The drastic rise in the Euribor in June dynamite fixed mortgages below 2% APR | My money

The 12-month Euribor it soared in June, exceeding 1% for several days, maximums not seen in almost a decade. Thus, the monthly average is above 0.8% (0.832% in the absence of two values) compared to 0.287% in May and -0.484% just one year ago. The upward trend of the Euribor has accelerated with the market already discounting a rise in interest rates of 25 basis points in July. The president of the European Central Bank (ECB), Christine Lagarde, reiterated on Tuesday that in September the rise could be greater to stabilize an “undesirably” high inflation.

The change in direction in the ECB’s monetary policy has pushed up debt yields and put pressure on the interbank market, boosting the Euribor, which returned to positive in April for the first time in more than six years. Since then, the indicator has practically not stopped climbing, which has caused a turnaround in the mortgage market.

On the one hand, the variable mortgages already granted are getting considerably more expensive. The monthly installment of an average loan of 150,000 euros over 25 years with a spread of 1% on the Euribor will go from 533 euros to 621 euros, which means paying 88 euros more per month and 1,056 euros more per year. For a pending amount of 180,000 euros, the letter 108 euros per month or 1,300 euros per year.

“The Euribor, historically, had never risen so much in such a short period of time, but we are also experiencing an exceptional macroeconomic situation,” explains the director of Mortgages at iAhorro, Simone Colombelli. In fact, the war in Ukraine is now four months old, with an increase in tension between Russia and the West, and the drumbeats of an economic recession with a horizon of rising interest rates to curb inflation.

On the other hand, the strategy of financial institutions has made a 180 degree turn. Banks, in a generalized way, have been lowering the variable mortgages to increase hiring and take advantage of the increase in the Euribor, which now improves bank margins. The differentials that are added to the Euribor are already down 0.8% in entities such as Evo Banco, Pibank, Ibercaja, BBVA and ING.

In turn, the sector is raising the prices of fixed mortgages. Here, the adjustments are being gradual, but they have intensified in recent weeks to the point that offers below 2% APR have already disappeared. Not long ago you could find rates of around 1.5% APR. Now, in at least seven banks (Banco Santander, Sabadell, ING, Bankinter, Abanca, MyInvestor and Coinc) interest exceeds 3% APR.

The cheapest fixed rates are marketed by TargoBank (2.10% APR at 15 years), Openbank (2.32% APR at 15 years), Evo Banco (2.33% APR at 25 years), BBVA and CaixaBank (2, 81% APR at 15 years and 30 years, respectively) and Ibercaja (2.95% APR at 25 years).

In all banks, except MyInvestor and Coinc, mortgages are subsidized, that is, the client has to be linked to the entity, generally directing the payroll and contracting various insurances.

“The expectation that the ECB deposit rate will rise to 2% by the end of 2023 acts as a magnet for the 12-month Euribor, which will inexorably get closer to that figure with each passing day,” says Ignasi Viladesau, director of investments from MyInvestor.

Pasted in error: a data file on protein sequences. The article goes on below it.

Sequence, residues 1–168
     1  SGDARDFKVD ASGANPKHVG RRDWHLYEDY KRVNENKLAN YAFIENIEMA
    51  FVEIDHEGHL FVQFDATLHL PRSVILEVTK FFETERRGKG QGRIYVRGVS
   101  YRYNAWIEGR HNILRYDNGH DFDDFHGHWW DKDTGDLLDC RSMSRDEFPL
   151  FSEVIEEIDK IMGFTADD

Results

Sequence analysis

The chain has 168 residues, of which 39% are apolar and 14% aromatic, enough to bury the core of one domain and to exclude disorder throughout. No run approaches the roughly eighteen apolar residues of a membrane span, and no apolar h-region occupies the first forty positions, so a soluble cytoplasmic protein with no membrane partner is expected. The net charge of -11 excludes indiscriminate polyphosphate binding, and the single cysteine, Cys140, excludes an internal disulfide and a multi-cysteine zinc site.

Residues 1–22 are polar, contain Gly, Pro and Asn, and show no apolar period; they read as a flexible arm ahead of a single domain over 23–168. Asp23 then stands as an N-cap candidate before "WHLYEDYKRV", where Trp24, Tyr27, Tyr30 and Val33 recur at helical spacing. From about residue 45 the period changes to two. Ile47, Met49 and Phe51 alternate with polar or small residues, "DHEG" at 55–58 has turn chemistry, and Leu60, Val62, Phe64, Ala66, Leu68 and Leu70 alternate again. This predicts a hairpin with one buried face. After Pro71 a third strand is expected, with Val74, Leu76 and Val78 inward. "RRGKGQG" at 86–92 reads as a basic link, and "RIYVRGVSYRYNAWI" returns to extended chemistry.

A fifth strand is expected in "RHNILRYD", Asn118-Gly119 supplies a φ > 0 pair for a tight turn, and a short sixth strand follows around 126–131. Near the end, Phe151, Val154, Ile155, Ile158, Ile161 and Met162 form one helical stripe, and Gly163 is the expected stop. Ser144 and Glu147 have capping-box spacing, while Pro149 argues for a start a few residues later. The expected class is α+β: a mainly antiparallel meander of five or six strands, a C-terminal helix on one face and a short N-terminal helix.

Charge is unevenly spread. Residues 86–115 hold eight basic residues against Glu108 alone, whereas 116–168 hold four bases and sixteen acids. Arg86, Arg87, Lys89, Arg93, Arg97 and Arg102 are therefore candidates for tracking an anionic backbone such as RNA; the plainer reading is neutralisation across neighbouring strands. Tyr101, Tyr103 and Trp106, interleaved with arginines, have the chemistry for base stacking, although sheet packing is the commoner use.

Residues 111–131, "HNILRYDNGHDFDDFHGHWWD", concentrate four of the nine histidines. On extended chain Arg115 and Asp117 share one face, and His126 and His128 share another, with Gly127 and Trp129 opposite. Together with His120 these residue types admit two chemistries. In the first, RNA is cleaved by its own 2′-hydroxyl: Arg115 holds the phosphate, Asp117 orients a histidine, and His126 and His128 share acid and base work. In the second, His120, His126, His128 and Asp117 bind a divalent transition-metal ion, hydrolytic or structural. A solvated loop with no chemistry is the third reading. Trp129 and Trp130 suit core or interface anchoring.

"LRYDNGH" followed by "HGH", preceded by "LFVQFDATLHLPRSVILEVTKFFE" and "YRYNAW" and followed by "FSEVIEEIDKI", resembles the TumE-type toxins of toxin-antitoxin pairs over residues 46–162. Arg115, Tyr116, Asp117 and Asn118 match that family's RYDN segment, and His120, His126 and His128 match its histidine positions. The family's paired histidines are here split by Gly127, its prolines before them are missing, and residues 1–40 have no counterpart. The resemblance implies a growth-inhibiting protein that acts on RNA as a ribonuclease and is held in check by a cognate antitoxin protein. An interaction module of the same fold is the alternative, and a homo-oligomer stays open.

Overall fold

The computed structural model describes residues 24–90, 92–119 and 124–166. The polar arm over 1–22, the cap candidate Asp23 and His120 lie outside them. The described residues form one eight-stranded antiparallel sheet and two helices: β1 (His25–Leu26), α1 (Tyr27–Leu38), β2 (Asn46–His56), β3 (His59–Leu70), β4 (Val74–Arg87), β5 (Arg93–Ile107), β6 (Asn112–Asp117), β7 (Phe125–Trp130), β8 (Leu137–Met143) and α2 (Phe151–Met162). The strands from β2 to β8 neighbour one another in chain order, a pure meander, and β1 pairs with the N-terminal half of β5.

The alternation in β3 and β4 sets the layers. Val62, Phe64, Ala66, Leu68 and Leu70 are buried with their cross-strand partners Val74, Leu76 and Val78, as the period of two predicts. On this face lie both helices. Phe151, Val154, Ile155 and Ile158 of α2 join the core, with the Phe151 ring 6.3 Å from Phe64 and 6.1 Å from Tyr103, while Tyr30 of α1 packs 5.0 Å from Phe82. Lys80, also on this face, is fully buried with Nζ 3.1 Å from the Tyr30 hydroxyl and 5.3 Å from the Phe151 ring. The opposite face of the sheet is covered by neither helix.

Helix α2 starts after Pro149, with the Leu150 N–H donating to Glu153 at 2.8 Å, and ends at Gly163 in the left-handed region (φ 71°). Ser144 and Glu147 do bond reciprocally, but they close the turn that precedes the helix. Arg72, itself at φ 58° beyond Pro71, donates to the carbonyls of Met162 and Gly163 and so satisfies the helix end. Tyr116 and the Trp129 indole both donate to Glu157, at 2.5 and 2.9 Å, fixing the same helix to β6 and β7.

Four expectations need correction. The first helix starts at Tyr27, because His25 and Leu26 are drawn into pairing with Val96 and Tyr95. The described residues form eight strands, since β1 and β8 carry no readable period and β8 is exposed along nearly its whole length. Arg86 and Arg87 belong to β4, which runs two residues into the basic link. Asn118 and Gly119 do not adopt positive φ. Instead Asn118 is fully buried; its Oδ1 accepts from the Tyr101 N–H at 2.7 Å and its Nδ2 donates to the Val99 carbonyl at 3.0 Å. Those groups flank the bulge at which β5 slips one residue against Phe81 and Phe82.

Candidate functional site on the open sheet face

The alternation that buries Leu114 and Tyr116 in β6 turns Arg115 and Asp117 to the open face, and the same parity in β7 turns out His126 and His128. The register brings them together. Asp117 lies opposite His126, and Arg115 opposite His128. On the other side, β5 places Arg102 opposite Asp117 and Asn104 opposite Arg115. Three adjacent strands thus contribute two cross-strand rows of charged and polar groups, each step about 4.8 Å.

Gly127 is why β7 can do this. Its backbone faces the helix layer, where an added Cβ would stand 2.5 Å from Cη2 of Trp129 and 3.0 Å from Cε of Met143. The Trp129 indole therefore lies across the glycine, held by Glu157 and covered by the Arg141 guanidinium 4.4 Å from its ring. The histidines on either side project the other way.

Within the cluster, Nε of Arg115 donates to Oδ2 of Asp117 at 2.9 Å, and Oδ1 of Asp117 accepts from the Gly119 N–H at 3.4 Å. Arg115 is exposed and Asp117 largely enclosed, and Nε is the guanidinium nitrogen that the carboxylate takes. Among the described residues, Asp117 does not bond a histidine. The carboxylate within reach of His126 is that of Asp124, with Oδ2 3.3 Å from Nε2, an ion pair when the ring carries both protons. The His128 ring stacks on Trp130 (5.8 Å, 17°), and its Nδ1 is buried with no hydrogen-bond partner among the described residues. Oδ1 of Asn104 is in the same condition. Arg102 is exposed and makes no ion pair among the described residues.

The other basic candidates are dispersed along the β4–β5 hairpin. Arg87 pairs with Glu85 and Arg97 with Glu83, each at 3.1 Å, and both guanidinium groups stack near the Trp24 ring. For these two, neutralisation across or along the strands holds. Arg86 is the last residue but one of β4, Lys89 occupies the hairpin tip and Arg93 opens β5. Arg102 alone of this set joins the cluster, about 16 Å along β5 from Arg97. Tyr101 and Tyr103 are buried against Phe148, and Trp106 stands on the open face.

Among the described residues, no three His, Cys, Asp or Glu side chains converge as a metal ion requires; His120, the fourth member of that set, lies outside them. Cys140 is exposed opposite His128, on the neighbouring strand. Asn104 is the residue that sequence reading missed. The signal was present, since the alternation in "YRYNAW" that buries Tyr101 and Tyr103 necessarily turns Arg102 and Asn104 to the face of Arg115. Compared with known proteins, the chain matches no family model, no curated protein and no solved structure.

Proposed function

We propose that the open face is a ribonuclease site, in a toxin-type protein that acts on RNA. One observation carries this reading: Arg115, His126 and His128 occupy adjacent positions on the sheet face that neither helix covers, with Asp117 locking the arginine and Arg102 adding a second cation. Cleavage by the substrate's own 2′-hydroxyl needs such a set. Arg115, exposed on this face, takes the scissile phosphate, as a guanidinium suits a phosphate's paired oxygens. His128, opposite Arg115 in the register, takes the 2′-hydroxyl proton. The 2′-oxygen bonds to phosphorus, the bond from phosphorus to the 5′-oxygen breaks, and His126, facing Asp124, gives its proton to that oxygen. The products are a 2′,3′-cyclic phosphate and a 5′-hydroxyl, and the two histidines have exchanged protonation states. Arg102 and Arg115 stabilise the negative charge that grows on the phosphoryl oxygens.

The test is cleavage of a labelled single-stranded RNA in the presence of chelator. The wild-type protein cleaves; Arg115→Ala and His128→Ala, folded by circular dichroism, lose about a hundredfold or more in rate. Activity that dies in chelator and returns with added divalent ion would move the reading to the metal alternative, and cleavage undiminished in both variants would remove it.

At Roams, a digital adviser in personal finance, they believe that more and more people are deciding to switch to a fixed-rate mortgage due to the rise in the Euribor. “It was in March 2020 when, for the first time, fixed-rate mortgages exceeded variable rates, a trend that, far from reversing, consolidated and began to take off definitively in January 2021,” they point out. In April, just when the Euribor touched positive values ​​for the first time since 2016, the fixed mortgage firm registered a new historical maximum, accounting for 75.3% of the total, according to the latest Statistics data.

In Roams they consider that the strong increase in demand for fixed mortgages by consumers has led banks to make this type of loan more expensive, since they now prefer to bet on variable rate loans. However, the increase in prices (BBVA, Bankinter, MyInvestor and Ibercaja have almost doubled rates since the beginning of the year) could begin to discourage the preference for fixed mortgages. “It is possible that we are facing the last opportunities, before a runaway Euribor, to obtain fixed mortgages at a reasonable price that some entities still offer”, they conclude.

Cajasiete and Cajamar have even eliminated this type of product from their offer. Other entities such as Banca March, Cajasur and Kutxabank do not specify the conditions in their fixed mortgages on the web. From Kutxabank they explain that they market fixed loans “adjusted to the profile of each client”.

The evolution of the Euribor has been exceeding many of the forecasts that placed it below 1% by the end of 2022. In its latest quarterly strategy report, Bankinter’s analysis department has updated the forecasts and now forecasts that the index at 12 months ended the year at 1.90%. For 2023 it estimates that it will reach 2.20% and will be placed at 2% in 2024. It should be remembered that the Euribor reached historical highs in 2008 above 5%.

For Colombelli, holders of variable mortgages have benefited in recent years from a very low Euribor (the historical minimum was recorded last December at -0.518%). But, he explains, “we are returning to more common ground for this indicator. What they have experienced in 2021 has been an exceptional situation, they have enjoyed good conditions for 12 months, but what they are experiencing now is not catastrophic either: if they continue to have an interest rate that is around 1%, this is still very good compared to what we experienced years ago”.

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